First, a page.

But on Wednesday, the White House press secretary, Robert Gibbs, said Mr. Obama had scrapped the idea.
“The president has instructed that its consideration be dropped,” Mr. Gibbs said.
The press secretary said Mr. Obama had heeded the concerns of veterans’ organizations that feared the proposal could make it more difficult for some of their members to obtain care.
In a recent letter to the president, the American Legion and 10 other veterans organizations denounced the proposal as “a total abrogation of our government’s moral and legal responsibility” to treat service-connected injuries and illnesses.
Lawmakers of both parties said the proposal would have made it more difficult for some veterans to get affordable private health insurance for themselves and their families.
“Pushing combat injuries onto personal insurance plans could make service to our nation a pre-existing condition,” which could be used to justify the denial of private coverage, said Representative Roy Blunt, Republican of Missouri.
Mr. Obama has repeatedly called health insurance for all Americans one of his priorities.
Veterans groups thanked the president on Wednesday.
Jay Agg, a spokesman for Amvets, said: “We are very pleased the administration dropped this proposal. It flew in the face of the government’s covenant to care for all service-connected needs of our veterans.”
Glen M. Gardner Jr., national commander of the Veterans of Foreign Wars, said Mr. Obama had told veterans on Monday that he would listen to their concerns. “The president kept to his word and made the right decision,” Mr. Gardner said.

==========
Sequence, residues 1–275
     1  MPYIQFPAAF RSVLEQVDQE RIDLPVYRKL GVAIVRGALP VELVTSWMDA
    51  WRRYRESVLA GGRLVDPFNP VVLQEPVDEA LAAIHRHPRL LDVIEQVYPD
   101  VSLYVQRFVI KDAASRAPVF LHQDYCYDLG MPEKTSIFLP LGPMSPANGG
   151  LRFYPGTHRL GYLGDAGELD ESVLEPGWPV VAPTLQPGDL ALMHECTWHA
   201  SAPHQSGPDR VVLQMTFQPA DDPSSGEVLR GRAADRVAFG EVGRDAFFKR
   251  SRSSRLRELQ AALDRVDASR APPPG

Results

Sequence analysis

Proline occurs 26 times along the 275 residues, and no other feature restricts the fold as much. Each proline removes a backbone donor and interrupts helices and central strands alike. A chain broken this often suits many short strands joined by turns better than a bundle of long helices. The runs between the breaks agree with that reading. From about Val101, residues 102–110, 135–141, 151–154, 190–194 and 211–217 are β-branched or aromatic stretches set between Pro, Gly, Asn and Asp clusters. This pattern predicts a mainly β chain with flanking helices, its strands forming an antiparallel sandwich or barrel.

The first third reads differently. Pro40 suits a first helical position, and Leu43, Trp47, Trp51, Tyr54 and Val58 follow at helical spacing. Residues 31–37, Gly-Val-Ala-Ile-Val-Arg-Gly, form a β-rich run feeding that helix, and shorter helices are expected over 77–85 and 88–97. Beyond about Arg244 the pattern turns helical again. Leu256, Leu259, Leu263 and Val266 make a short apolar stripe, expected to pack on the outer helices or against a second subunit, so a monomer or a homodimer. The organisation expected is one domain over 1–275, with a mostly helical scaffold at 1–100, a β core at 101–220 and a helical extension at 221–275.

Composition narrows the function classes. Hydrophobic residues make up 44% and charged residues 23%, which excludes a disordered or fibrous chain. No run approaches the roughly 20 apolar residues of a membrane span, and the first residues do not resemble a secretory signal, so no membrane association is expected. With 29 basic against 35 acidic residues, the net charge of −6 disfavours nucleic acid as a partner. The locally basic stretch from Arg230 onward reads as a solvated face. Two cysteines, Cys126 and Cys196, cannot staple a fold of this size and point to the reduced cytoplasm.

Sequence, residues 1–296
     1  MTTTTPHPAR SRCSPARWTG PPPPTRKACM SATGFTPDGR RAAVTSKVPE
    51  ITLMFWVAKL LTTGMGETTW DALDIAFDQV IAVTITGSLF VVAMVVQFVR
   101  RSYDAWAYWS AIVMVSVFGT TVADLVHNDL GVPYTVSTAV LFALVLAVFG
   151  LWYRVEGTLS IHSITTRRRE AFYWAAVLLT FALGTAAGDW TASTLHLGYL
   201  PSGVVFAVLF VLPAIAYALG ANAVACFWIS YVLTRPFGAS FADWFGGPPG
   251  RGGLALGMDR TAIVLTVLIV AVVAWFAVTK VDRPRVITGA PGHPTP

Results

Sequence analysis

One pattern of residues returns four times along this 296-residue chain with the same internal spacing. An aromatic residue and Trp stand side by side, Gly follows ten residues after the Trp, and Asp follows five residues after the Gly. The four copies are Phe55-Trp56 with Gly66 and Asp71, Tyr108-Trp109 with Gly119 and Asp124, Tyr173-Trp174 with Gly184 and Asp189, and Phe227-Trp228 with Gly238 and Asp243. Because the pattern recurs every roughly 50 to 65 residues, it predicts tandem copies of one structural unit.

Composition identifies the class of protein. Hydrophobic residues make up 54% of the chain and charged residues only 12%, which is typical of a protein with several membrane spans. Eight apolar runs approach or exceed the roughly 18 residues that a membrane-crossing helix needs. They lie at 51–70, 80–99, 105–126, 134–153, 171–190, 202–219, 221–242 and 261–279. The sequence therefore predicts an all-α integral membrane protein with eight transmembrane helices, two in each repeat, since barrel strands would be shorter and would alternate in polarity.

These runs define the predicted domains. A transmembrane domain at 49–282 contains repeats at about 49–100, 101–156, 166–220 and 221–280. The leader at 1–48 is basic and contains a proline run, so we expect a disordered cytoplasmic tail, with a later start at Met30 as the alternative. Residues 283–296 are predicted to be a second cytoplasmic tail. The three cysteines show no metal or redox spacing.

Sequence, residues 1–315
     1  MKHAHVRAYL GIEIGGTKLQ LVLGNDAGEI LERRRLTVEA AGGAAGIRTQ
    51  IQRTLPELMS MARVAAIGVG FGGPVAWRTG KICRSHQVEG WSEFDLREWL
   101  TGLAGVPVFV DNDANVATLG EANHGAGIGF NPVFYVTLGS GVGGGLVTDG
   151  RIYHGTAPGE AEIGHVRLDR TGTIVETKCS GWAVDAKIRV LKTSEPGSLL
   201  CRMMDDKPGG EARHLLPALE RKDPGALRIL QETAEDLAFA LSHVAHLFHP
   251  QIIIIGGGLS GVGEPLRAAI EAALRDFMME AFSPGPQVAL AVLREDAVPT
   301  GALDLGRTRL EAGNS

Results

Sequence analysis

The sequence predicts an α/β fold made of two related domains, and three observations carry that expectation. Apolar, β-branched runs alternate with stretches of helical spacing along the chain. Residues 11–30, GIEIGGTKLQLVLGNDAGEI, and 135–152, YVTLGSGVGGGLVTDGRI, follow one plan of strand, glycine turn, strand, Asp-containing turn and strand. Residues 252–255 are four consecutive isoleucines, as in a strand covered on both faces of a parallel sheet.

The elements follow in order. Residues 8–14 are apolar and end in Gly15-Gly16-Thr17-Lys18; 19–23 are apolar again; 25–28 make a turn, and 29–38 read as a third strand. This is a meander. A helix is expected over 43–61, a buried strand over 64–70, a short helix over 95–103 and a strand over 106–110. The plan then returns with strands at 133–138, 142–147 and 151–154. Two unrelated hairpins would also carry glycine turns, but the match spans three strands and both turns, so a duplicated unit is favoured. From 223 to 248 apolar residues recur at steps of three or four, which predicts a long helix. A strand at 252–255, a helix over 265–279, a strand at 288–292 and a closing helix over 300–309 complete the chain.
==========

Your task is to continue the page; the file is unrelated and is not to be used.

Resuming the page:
Senior members of Congress had threatened to kill the proposal if Mr. Obama pushed it.
The chairmen of the House and Senate Committees on Veterans Affairs, Senator Daniel K. Akaka, Democrat of Hawaii, and Representative Bob Filner, Democrat of California, had publicly opposed the proposal.
“Our budget cannot be balanced on the backs of our nation’s combat-wounded heroes,” Mr. Filner said.
Speaker Nancy Pelosi, Democrat of California, announced the president’s decision Wednesday afternoon at a meeting with veterans groups. Leaders of the organizations had pressed their concerns a few hours earlier in a meeting at the White House with Rahm Emanuel, the president’s chief of staff.
Eric Shinseki, the secretary of veterans affairs, said Mr. Obama was requesting $113 billion for the department in 2010, an increase of 16 percent over this year’s amount. The budget includes money to treat 419,000 veterans of the Iraq and Afghanistan wars, up 15 percent from this year and 61 percent from 2008.
Having dropped the idea of billing private insurers for the treatment of service-connected conditions, administration officials have told veterans groups that they want to find another way to save a similar amount of money.
One way is to collect payments from private insurers who are already responsible for some care provided to veterans for needs unrelated to their military service.